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The Role of Dog Ecology in Canine Rabies Prevention and Control in Asia: Lessons from Indonesia and the Oceanic Region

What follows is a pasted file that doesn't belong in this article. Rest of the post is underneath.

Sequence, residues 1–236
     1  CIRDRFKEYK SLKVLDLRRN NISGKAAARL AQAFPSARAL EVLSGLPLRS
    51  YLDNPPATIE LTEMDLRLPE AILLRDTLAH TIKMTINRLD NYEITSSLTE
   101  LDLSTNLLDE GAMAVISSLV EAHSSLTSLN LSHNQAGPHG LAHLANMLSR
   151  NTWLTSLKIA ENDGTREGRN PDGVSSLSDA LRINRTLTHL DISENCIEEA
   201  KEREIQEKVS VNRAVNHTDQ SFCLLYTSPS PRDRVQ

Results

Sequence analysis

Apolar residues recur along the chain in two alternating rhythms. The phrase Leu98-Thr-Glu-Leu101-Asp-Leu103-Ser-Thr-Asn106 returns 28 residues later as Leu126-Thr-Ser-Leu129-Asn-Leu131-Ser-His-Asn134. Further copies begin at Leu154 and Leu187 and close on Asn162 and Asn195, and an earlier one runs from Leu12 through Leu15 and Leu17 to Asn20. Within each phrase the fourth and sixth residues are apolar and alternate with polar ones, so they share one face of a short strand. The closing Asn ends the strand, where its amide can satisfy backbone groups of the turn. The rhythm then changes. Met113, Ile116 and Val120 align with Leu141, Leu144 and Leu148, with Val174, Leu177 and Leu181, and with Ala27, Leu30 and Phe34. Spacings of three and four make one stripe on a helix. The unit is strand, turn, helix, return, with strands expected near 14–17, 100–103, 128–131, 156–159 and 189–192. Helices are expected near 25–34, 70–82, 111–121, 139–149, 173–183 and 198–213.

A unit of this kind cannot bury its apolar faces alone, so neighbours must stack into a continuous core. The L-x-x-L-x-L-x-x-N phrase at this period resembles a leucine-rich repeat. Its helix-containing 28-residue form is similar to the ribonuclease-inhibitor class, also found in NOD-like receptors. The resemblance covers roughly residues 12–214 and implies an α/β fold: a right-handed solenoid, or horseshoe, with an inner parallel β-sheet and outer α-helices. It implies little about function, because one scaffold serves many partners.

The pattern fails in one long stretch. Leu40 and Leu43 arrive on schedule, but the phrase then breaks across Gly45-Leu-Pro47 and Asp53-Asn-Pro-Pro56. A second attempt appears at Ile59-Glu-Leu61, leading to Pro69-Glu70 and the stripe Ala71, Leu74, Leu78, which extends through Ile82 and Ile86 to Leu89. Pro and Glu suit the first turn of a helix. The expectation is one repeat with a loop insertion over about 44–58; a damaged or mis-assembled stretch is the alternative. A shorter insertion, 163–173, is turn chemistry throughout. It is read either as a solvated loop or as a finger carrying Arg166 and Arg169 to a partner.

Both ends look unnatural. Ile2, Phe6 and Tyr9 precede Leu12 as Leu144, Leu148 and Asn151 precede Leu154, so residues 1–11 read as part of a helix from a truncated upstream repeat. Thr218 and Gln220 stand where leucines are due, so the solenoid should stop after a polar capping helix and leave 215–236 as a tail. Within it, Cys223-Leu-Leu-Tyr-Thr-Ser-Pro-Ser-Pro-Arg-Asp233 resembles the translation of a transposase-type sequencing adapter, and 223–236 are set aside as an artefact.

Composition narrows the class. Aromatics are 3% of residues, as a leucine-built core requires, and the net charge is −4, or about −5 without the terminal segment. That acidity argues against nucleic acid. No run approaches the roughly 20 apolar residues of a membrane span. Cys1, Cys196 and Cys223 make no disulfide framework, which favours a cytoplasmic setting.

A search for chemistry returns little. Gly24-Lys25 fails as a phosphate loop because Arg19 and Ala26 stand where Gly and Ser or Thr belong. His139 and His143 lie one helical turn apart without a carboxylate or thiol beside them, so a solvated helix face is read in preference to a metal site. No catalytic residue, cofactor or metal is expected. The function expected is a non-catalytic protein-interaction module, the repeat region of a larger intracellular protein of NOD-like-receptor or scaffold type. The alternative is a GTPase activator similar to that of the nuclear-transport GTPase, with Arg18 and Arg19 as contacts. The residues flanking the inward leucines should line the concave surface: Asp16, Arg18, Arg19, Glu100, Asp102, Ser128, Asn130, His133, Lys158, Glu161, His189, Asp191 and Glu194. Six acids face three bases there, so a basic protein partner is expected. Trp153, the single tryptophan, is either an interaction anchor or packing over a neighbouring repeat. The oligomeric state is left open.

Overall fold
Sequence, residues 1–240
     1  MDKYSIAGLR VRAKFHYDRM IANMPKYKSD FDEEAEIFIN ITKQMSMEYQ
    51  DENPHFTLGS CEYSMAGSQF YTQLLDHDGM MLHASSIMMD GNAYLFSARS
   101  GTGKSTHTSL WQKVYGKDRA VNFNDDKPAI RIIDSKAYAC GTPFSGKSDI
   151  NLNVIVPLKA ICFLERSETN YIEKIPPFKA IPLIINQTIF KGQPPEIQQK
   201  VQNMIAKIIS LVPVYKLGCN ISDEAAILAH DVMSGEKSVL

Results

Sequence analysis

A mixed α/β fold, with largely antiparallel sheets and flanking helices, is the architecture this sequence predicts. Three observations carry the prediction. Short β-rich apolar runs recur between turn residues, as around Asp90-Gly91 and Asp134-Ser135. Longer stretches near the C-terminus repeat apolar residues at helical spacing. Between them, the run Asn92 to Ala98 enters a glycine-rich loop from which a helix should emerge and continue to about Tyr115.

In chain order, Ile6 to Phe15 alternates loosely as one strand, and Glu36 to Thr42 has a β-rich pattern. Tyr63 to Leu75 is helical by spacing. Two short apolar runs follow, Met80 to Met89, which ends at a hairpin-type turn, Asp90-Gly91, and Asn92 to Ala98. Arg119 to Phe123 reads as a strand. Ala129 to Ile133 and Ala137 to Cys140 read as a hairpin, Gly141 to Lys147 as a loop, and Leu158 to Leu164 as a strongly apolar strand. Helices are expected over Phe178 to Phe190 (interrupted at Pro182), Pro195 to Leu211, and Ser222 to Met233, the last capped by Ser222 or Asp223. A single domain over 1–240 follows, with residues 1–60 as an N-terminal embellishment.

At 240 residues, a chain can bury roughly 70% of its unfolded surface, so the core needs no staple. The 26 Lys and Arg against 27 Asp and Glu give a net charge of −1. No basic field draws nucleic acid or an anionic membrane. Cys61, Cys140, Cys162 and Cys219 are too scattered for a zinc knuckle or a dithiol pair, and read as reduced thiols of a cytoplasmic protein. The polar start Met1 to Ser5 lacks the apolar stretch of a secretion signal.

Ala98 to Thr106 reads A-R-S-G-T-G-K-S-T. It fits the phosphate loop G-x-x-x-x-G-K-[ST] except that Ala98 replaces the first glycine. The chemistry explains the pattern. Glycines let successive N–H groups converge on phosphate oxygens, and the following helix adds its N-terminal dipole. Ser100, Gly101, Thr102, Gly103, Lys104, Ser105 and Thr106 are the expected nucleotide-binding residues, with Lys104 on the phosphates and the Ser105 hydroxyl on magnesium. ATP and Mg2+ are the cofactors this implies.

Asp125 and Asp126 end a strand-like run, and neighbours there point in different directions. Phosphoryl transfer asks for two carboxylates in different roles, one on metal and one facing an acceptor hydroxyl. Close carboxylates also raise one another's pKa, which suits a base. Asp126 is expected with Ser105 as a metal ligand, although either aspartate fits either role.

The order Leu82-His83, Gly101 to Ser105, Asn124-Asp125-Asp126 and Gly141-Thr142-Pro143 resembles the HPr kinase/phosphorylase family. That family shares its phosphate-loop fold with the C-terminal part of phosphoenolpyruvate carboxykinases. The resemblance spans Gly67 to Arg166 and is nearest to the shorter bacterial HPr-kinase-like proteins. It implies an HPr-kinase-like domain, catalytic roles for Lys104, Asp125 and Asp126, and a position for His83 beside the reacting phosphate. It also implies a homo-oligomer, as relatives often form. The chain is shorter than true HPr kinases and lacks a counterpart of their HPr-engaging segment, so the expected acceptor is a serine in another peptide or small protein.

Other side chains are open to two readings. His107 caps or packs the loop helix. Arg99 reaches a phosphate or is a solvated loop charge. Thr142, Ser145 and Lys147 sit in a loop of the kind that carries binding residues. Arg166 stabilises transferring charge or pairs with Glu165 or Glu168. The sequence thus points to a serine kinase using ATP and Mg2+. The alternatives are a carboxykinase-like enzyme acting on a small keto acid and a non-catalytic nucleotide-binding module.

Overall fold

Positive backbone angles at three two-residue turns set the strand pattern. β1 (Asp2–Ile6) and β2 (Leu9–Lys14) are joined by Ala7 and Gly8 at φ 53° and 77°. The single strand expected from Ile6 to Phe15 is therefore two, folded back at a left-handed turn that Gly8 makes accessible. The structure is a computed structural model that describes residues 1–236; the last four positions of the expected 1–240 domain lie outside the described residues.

Constraints to canine rabies elimination include low political priority, poor implementation of a One Health approach, low accessibility of rabies post-exposure treatment, and often insufficient information on local dog populations. Studies on dog ecology can provide essential insights to guide the implementation of effective dog vaccination campaigns, but they are rare in Asia. While population size estimations and demographics are relatively well-researched, information about contact networks, population dynamics, and human-mediated dog movements is limited. In this chapter, dog ecology research in Asia is reviewed, and two dog ecology case studies from Indonesia and Oceania using GPS (Global Positioning System) collars, contact sensors, camera trapping, serology and surveys are presented. Differences within and between dog populations reveal the heterogeneity of dog behaviour that is bound to the societal context in which dogs are kept. Such findings can be used for scenario simulations in disease spread models, and can inform rabies elimination strategies by dog vaccination, supported by dog confinement and population control.



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